New York I love You, But You’re Bringing Me Down: Columbia & NYU MBA Applications Drop

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With the average Wall Street bonus dropping 13% this year—an all-time low—the professional future for those seeking a sky-high corner office looks bleak. According to a recent article in Bloomberg Businessweek, the decline in applications to finance-oriented MBA programs in New York City correlates largely to Wall Street’s public demise.

The Role of Wall Street in Declining Applications?

Columbia Business School and New York University’s Stern sent a promising 50% and 46% of their respective 2012 graduates into the financial sector. Yet these institutions are no longer seen as the gateways to Wall Street they once were. Both programs have become less reliant on Wall Street jobs causing their applicant pools to dwindle more than other top MBA programs in different regions.

Amir Ziv, vice dean and accounting professor at Columbia tells BW “(CBS) is reporting a staggering 19 percent drop in applications to its full-time MBA program. It’s the biggest one-year drop in applications in recent memory.” BW adds that “(Stern) is reporting 3,907 applications for the incoming class of 2012, down from 4,416 in 2011, a decline of nearly 12 percent.”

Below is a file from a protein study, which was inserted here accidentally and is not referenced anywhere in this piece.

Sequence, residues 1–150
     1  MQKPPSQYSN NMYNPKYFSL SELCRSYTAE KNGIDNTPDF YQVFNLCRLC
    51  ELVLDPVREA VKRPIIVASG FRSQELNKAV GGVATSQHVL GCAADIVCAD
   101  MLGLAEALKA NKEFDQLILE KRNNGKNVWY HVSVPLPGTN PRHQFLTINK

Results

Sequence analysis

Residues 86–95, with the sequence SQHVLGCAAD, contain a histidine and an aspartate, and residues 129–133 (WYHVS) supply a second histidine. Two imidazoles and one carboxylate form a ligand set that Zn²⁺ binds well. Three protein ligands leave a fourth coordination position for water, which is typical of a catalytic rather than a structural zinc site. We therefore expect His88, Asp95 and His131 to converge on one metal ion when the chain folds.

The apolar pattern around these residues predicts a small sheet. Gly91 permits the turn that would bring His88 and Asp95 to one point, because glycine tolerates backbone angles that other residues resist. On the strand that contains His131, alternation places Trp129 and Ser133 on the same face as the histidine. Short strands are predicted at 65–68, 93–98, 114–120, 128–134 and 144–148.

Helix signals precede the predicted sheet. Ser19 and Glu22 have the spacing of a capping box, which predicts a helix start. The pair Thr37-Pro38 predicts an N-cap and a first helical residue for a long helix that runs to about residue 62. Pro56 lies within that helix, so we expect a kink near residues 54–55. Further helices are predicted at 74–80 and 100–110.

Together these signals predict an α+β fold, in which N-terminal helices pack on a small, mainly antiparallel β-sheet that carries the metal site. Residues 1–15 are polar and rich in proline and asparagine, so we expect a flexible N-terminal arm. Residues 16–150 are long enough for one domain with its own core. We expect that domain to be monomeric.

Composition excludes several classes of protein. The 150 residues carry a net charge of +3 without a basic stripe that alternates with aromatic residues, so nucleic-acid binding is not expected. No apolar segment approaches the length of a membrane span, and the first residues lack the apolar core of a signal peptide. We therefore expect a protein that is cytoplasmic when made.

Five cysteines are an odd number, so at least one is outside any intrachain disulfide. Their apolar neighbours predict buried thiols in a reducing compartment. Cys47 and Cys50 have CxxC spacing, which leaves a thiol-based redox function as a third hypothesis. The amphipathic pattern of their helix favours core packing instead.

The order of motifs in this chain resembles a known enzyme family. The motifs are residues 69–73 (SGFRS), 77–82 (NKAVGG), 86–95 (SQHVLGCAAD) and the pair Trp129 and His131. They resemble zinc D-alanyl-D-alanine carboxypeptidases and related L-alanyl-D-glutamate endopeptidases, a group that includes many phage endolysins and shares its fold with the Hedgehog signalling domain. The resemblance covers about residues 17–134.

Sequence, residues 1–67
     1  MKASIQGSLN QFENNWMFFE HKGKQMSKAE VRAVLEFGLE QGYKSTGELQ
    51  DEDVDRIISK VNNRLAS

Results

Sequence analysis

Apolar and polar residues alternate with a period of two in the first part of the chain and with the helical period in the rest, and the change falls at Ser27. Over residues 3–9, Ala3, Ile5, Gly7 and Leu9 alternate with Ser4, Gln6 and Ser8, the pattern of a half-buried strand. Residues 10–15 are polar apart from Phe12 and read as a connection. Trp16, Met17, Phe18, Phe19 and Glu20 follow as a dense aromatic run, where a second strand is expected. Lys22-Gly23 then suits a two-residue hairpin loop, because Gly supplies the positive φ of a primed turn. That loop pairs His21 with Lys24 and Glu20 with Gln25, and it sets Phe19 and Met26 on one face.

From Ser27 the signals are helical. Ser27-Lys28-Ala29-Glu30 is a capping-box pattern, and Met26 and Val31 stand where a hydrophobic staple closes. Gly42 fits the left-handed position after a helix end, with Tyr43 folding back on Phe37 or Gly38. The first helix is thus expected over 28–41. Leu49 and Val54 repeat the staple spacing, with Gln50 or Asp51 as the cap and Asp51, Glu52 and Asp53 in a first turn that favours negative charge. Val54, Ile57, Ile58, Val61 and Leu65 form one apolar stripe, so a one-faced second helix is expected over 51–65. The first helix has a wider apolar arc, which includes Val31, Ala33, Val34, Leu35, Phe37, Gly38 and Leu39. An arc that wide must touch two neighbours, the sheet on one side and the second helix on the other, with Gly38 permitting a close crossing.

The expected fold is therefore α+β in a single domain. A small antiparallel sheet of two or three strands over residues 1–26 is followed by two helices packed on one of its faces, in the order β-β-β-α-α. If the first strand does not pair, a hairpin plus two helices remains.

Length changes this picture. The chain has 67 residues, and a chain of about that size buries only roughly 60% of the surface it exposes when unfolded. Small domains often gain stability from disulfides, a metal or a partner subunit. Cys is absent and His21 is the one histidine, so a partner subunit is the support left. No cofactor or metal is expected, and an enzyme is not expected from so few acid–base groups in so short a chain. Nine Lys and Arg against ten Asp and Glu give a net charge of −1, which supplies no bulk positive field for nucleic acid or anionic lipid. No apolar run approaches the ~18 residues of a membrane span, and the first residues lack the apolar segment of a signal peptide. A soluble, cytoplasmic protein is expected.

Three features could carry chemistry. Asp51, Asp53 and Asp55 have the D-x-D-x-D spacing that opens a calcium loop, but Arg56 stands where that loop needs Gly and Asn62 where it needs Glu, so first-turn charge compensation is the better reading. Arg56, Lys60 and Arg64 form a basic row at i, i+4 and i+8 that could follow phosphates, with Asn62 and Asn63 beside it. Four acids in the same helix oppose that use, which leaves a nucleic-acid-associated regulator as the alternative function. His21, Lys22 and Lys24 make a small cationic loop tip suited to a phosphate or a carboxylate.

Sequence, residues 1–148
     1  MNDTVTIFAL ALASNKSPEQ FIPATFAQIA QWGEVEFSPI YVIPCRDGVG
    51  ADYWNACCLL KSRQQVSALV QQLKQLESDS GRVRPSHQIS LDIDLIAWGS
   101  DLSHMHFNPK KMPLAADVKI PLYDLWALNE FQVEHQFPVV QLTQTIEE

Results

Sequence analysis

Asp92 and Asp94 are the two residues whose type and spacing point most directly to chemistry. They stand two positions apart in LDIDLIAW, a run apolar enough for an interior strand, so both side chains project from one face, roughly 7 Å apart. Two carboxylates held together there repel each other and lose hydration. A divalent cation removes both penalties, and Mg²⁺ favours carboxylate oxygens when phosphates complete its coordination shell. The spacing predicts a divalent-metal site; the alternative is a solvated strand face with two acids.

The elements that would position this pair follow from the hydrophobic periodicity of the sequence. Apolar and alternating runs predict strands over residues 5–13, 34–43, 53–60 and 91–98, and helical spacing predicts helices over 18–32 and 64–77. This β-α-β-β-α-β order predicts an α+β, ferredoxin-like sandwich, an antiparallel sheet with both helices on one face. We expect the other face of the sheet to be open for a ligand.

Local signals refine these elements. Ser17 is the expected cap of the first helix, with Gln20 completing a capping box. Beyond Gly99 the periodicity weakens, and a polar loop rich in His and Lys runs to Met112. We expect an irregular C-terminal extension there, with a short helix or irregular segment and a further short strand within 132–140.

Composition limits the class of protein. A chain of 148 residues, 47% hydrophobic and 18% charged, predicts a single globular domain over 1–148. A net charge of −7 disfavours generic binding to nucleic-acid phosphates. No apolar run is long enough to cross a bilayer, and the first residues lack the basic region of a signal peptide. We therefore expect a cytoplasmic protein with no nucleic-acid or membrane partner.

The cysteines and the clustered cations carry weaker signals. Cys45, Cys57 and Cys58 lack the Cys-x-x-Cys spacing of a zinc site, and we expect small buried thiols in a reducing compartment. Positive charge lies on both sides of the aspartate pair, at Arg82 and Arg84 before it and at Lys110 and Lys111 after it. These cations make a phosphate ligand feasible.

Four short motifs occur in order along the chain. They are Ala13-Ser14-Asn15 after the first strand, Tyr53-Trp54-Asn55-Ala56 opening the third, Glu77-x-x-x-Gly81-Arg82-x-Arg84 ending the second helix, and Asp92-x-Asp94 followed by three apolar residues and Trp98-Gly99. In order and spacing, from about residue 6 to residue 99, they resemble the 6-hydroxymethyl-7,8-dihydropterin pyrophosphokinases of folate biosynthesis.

This decline is in stark contrast with Harvard Business School whose application pool dropped just under 2%, from 9,134 in 2011 to 8,963 in 2012, as well as Wharton who saw less than a 1% decline, from 6,442 in 2011 to 6,408 in 2012.

BW examines statistics that connect the diminishing desire to work in the financial sector with Wall Street’s collapse. “Except for a brief upward blip in 2010, the popularity of finance as a career destination among MBAs has been on a steadily downward trajectory since 2008, the year of the Lehman Brothers collapse. When GMAC surveyed 6,292 graduate business students at 136 schools worldwide earlier this year, just 18 percent of those surveyed declared finance and accounting their top choice, well below products and services and consulting.”

MBAs Still Valuable

A bigger question is: does the drop in applications at CBS and Stern change the value of the degree? According to a BW feature this June, “Top B-Schools for MBA Pay,” out of 57 schools CBS ranked number 4 with a Career Total: $3,164,298 and Stern  ranked number 13 with Career Total: $2,750,304. BW also affirms that while a higher percentage of applicants are now accepted to CBS and Stern, the applicant pool remains competitive and the standards for admission have not changed.

The value of receiving an MBA from CBS or Stern is indisputable. In order to reap the benefits students must let go of the preconceived notion of the MBA as a magic gateway to a seat at the table. Instead they should view the degree as a box of tools, go out into the city and build their own table.



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